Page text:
Saturday, December 16, 2006

Sea level rise 'under-estimated'

I'm definitely seeing a pattern with the reporting on climate change stories. Seems that with every single story on every new report it is always we underestimated the effects or this particular effect is happening much sooner than we thought it would. The BBC reports that Sea level rise 'under-estimated':
Current sea level rise projections could be under-estimating the impact of human-induced climate change on the world's oceans, scientists suggest.

By plotting global mean surface temperatures against sea level rise, the team found that levels could rise by 59% more than current forecasts.

The researchers say the possibility of greater increases needs be taken into account when planning coastal defences.

The findings have been published in the online edition of the journal Science.

The team from Germany and the US found that for the timescale relevant to human-induced climate change, the observed rate of sea level rise through the 20th Century held a strong correlation with the rate of warming.

When applied to the possible scenarios outlined by the Intergovernmental Panel on Climate Change (IPCC), the researchers found that in 2100 sea levels would be 0.5-1.4m above 1990 levels.

This projection is much greater than the 9-88cm forecast made by the IPCC itself in its Third Assessment Report, published in 2001.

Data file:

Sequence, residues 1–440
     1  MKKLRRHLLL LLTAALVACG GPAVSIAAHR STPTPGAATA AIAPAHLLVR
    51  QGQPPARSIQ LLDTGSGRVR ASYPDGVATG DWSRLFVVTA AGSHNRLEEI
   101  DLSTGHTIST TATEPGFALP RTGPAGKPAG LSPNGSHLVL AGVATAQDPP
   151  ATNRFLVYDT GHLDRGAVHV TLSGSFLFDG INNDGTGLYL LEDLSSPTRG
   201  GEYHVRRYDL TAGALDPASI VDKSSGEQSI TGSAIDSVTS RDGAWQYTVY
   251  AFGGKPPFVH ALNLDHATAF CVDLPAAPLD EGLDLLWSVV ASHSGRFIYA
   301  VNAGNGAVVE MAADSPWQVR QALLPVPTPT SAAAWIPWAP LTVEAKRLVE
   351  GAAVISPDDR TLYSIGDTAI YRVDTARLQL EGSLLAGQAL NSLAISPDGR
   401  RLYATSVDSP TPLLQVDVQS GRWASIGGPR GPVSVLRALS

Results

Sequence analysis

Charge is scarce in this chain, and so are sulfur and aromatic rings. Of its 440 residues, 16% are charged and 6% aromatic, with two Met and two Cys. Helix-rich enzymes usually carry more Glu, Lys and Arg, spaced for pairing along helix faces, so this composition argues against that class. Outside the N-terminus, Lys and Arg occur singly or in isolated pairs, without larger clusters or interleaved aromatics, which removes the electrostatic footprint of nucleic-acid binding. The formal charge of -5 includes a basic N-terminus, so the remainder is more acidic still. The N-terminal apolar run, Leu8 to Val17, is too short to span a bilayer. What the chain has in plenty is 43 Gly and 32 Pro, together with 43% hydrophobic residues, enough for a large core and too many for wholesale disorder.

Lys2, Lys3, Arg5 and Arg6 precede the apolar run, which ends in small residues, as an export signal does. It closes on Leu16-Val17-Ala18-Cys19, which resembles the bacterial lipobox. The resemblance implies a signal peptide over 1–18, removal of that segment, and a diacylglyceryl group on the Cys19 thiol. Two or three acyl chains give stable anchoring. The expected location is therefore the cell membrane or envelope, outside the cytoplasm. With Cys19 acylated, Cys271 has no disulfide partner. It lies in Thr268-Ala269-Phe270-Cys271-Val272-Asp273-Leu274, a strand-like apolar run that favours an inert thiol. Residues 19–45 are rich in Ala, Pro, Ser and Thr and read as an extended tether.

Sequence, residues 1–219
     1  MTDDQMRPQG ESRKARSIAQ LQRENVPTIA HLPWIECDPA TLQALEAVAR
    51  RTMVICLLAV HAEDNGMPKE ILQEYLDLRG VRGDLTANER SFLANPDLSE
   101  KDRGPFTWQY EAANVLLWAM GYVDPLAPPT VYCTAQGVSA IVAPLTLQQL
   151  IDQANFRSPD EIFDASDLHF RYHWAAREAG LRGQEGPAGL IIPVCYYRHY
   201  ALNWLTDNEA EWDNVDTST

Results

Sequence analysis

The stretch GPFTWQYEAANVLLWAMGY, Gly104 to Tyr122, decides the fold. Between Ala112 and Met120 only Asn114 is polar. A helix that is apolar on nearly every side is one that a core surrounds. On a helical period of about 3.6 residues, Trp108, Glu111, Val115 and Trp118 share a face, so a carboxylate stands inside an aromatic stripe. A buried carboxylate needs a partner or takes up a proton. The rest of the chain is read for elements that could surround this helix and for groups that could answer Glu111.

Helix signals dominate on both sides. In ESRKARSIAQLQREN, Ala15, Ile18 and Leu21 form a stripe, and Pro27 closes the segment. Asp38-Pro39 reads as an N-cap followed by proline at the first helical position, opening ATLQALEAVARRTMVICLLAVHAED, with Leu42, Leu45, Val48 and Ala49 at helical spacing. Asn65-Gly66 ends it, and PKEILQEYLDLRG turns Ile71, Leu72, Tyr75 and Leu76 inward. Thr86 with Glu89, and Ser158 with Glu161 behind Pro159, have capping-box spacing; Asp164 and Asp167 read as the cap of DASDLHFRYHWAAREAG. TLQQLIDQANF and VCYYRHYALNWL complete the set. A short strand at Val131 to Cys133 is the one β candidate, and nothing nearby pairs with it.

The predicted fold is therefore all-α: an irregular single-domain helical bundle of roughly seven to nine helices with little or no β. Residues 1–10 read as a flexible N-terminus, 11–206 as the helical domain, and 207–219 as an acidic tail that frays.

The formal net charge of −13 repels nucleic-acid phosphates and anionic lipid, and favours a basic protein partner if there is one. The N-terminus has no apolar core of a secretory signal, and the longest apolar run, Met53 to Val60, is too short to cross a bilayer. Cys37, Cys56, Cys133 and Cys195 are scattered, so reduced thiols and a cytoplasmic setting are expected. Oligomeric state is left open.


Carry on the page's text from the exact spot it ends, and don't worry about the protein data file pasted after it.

...

He writes in Science Express: "Understanding global sea level changes is a difficult physical problem, as a number of complex mechanisms with different timescales play a role."

These include:

* thermal expansion of water through heat absorption
* water entering the oceans from glaciers and ice sheets
* increased ice flows after the removal of buttressing ice shelves

Professor Rahmstorf said he decided to use observational data because computer models of climate significantly under-estimated the sea level rise that had already occurred.

"The fact that we get such differences using different methods shows how uncertain our sea level forecasts still are," he said.

Greenland's glaciers have been sliding faster towards the sea

He added that the main uncertainty was the response of large ice sheets in Greenland and Antarctica to rising temperatures, which was difficult to predict.

Technorati Tags: , , , , ,

No comments:

Post a Comment